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Hollywood writers at rally say they’ll win as strike reaches 50 days

Picketers pass near a studio entrance during a Writers Guild rally outside Warner Bros. Studios, Wednesday, May 24, 2023, in Burbank, Calif. As a strike drags on, about 1,000 Hollywood writers and their supporters have marched and rallied in Los Angeles for a new contract with studios that includes the payment guarantees and job security they say they deserve. Speakers at Wednesday's event on June 21, emphasized the solidarity the Writers Guild of America has received from other unions. (AP Photo/Richard Voge)

LOS ANGELES (AP) — Fifty days into a strike with no end in sight, about 1,000 Hollywood writers and their supporters marched and rallied in Los Angeles for a new contract with studios that includes payment guarantees and job security.

Speakers at the Writers Guild of America’s WGA Strong March and Rally for a Fair Contract on Wednesday emphasized the broad support for their cause shown by other Hollywood unions — including actors in their own contract negotiations — and labor at large.

“We’re all in it together, we’re all fighting the same fight, for a sustainable job in the face of corporate greed,” Adam Conover, a writer and a member of the guild’s board and its negotiating committee, told a crowd at the end of the march at the La Brea Tar Pits. “We are going to win because they need us. Writers are the ones who stare at a blank page. We are the ones who invent the characters, tell the stories and write the jokes that their audiences love. They’d have nothing without us.”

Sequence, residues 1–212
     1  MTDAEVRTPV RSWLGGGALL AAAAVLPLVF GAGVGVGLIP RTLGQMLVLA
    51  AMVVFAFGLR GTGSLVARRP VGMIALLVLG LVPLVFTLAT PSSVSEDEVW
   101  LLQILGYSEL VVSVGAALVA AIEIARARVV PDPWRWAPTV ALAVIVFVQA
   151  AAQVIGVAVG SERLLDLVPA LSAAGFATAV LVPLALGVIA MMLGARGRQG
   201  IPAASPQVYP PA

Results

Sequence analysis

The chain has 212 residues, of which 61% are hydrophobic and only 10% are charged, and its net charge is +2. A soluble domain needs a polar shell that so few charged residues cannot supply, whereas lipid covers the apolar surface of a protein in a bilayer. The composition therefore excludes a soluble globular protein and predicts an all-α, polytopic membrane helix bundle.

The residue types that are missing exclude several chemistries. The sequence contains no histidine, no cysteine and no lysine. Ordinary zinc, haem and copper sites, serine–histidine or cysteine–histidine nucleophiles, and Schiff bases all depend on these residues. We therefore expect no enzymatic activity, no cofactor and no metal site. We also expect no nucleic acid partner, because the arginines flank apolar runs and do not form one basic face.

Talks with the Alliance of Motion Picture and Television Producers, the group representing studios in negotiations, have not resumed since breaking off hours before the writers’ contract expired on May 1. The strike began a day later, with more and more productions shutting down as it has gone on.

A similar deadline now looms for actors, whose union, SAG-AFTRA, is negotiating with the AMPTP on a contract that expires June 30. Members voted overwhelmingly to authorize guild leaders to call a strike if no deal is reached.

Streaming and its ripple effects are at the center of the dispute. The guild says that even as series budgets have increased, writers’ share of that money has consistently shrunk.

The AMPTP says writers’ demands would require they be kept on staff and paid when there is no work for them, and that its contract proposals have been generous.

“We are here for the sake of the profession we love,” writer Liz Alper said at Wednesday’s rally. “The industry we work in, our audiences, our fellow sister unions in Hollywood, and all the workers across America who have been hurt and disenfranchised by Wall Street and big tech.”